19 Small Awards Anyone with Anxiety Deserves

In effective altruism meetings a lot of us talk about "doing the thing" as in needing to actively work on a problem or follow through with ideas and turn them into actions. There is also usually a lot of discussion about self-care as well as staying aware of mental states. As someone with anxiety I loved these graphics, because sometimes not over-thinking that vague moment takes a LOT of effort dang nab it! But this one in particular struck home for particularly good for the EA crowd.

The 7 Best Ways to Help with the Syrian Refugee Crisis

The refugee crisis in the EU and the Middle East has pulled in an extensive amount of media coverage recently, and like natural disasters, the horrific situation has motivated many to try and help. There are loads and loads of international organizations, government petitions and small fundraisers floating around to help Syrian refugees in various countries.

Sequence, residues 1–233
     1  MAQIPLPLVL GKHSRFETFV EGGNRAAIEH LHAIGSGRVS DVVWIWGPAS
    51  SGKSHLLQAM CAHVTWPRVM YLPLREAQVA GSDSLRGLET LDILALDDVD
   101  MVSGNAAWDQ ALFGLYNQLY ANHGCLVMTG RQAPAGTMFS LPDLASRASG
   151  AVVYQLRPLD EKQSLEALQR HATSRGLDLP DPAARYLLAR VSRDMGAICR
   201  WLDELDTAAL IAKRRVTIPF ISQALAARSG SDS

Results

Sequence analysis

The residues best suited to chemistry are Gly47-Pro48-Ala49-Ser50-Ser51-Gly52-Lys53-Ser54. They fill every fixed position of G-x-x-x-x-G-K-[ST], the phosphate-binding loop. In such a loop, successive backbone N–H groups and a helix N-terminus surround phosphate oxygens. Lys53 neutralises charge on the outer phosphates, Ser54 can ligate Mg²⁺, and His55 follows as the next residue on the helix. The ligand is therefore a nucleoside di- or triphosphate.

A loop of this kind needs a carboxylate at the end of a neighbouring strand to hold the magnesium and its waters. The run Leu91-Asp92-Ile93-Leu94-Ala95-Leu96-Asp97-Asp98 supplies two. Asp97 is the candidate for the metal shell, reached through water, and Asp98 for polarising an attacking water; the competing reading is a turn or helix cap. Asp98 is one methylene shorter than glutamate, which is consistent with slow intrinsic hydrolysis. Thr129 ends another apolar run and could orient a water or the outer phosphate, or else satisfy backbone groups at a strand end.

In 2014 there were 59.5 million displaced people around the world, and 4 million of them are from Syria. That means that 1 in every 122 people in the world are either a refugee, displaced person, or seeking asylum.



Before we donate, like any good investor (when we donate we are investing in a better world) we have to do a little homework to understand how to approach this particular market. Thankfully there is loads of information out there about why there is currently a refugee crisis unlike anything seen since WWII.

Vox published a great piece called The refugee crisis: 9 questions you were too embarrassed to ask. As well as the shorter: The Syrian refugee crisis, in 4 maps and charts. Skim it, or even just read the big bold numbered bits. I trust you'll get the gist of it; you're a smart cookie.